“Often has the writer heard Dr. Lippe say, in speaking of different physicians, ‘he does not study his cases thoroughly,’ or make some such remark, indicating the importance he attached to such study. The writer was one associated with Dr. Lippe in the care of a very difficult case, in which he has frequently known to spend hour after hour patiently conning the materia medica (this, too, after nearly forty years spend at such study). Many a time would he say, ‘Come over tonight and we will study the case over’; frequently have we asked his advice; before replying he would almost invariably take down a book or two to look up the remedy desired. Dr. Adolph Lippe was in no sense ‘a flash prescriber.’
“Genius has been defined as an unlimited capacity for hard work; this genius Dr. Lippe had and used it diligently (and in the right way) for forty [fifty] odd years. Was it then any wonder that he could occasionally prescribe quickly? He never prescribed until he felt sure of his remedy, and though he was quick in seeing the peculiar features of his patient’s history and rapid in selecting his remedy, he was never so quick as to be termed careless. There is a distinction to be noted here; one man may spend hours on a case and then make a careless prescription; another with a better-trained mind may prescribe in a few minutes and make a very careful, accurate prescription.
“We do not pretend to affirm that Dr. Lippe did not make mistakes; very probably he would have been the last man to deny legions of them; but we do believe that as a homeopathic prescriber neither Bönninghausen nor Hahnemann himself would suffer in comparing clinical results with their great admirer—Adolph Lippe.”(4)
When Dr. Arthur Eastman was a student at the Hahnemann Medical College of Philadelphia in the late 1870s, he lived in Dr. Constantine Hering’s house and was thus able to observe his mentor closely in the last year of his practice. He wrote, “Dr. Hering retained an old German custom to have a couple of students from the College reside in his family to keep in touch with the work and progress of the College. These places were much sought after, and happy he to whose lot fell the choice. I resided in his family during three courses of lectures, two winter terms and one spring term, from the fall of 1877 to the spring of 1879, and was also a frequent caller on him while I was a resident physician in the Homeopathic Hospital of Philadelphia until December 1879. …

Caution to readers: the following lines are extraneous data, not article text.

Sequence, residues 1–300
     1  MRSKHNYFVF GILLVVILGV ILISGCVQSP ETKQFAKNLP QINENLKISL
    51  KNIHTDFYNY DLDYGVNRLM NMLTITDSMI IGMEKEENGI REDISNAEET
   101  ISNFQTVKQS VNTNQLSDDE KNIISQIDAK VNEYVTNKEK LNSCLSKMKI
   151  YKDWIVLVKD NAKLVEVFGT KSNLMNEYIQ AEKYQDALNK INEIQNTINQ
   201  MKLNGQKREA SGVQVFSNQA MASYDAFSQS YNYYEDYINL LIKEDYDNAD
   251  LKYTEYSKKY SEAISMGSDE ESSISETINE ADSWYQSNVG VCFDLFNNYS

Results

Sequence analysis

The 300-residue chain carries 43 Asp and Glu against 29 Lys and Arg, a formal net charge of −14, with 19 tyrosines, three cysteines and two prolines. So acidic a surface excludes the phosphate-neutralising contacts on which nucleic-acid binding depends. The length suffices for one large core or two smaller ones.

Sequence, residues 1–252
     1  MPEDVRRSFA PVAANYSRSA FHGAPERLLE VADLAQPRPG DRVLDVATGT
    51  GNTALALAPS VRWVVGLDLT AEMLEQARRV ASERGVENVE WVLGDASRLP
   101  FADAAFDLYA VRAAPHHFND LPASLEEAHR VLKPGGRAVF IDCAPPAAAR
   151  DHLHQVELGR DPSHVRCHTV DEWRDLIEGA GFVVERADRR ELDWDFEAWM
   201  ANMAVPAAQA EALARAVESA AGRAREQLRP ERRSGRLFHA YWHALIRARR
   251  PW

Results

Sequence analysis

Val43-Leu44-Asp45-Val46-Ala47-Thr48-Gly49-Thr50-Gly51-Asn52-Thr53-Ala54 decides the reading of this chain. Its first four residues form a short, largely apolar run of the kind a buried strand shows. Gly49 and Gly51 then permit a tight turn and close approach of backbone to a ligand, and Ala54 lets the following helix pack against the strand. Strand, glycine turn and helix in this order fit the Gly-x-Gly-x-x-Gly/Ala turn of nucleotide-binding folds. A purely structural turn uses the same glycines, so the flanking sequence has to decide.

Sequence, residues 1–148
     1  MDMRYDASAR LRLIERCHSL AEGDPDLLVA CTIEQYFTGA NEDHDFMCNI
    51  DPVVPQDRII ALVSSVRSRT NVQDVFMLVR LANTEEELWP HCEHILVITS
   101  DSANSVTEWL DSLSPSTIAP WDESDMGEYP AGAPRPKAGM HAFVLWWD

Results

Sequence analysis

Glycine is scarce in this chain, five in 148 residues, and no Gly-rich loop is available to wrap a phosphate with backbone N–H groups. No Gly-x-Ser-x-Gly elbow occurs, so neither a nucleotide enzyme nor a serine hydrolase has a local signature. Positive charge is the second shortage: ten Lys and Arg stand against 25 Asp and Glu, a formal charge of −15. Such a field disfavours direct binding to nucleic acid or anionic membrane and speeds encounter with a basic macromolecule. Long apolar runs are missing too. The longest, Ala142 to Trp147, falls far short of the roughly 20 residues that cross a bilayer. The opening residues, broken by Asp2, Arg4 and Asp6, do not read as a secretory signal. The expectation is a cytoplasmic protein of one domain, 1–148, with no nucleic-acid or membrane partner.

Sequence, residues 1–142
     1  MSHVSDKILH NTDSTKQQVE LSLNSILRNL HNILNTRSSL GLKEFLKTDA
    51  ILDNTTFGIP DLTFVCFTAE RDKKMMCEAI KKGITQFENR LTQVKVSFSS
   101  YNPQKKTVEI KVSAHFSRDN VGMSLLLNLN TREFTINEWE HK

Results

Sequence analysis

“How did he [Hering] prescribe medicines? One might answer, very nearly as Hahnemann directed. He said: ‘There is an individuality in everything that the Lord has made. You cannot substitute one medicine for another. To mix medicines is a crime. Alternating is the halfway house to mixing. To make poor prescriptions when much driven is excusable, but the questions which must be kept freshly in mind are: What is your aim? What are you striving for? If a homeopathic physician once adopts the too-much-trouble creed, he is lost.’ It was certainly not his creed. His rules of practice, ‘golden rules,’ he called them, were ‘Learn to observe; learn to prove; learn to examine the sick; learn to select the remedy; learn how to repeat and how to change remedies; learn how to wait; learn how to profit by experience.’
“His method of examining a patient was an art. He took notes on his cases, full notes, and then would repair to his prescription room, where he could consult his repertories: his Jahr, his Bönninghausen, and then his materia medica. His remedy once selected, he would generally give in a high potency, way up in the thousandths sometimes. He had small envelopes with printed directions on the outside. Each contained six powders of Saccharum lactis, one of them containing some pellets of the indicated remedy and marked with a star. The directions were to dissolve the star powder in water and take a teaspoonful four times or more a day [for one day only] and go on each succeeding day with the other powders. You see, they took the medicine only one day, then placebos the succeeding days for a week, when they would report. If improvement, marked improvement resulted, they would get another envelope of blank powders for another week. If improvement stopped, they would get another powder of the same medicine of a higher potency, and, as he would say, ‘High and higher still, to heaven.’ If the patient was worse, a new remedy had to be selected, generally a remedy having some relationship to the first. Dr. Hering did not confine himself exclusively to high potencies or single doses. In certain cases, he repeated his remedies frequently. In chronic diseases the interval that elapsed between the doses might be two, four, seven, eleven, or sixteen days. In acute cases, he says, ‘The dose might be repeated as often as every hour, or even every five or ten minutes.’ He never alternated remedies, but if the symptoms suddenly changed he would often change his remedy. His success was phenomenal. Long-standing, chronic maladies yielded to his treatment. So-called incurable patients were cured by him. Patients came to him from the world over and were improved and cured.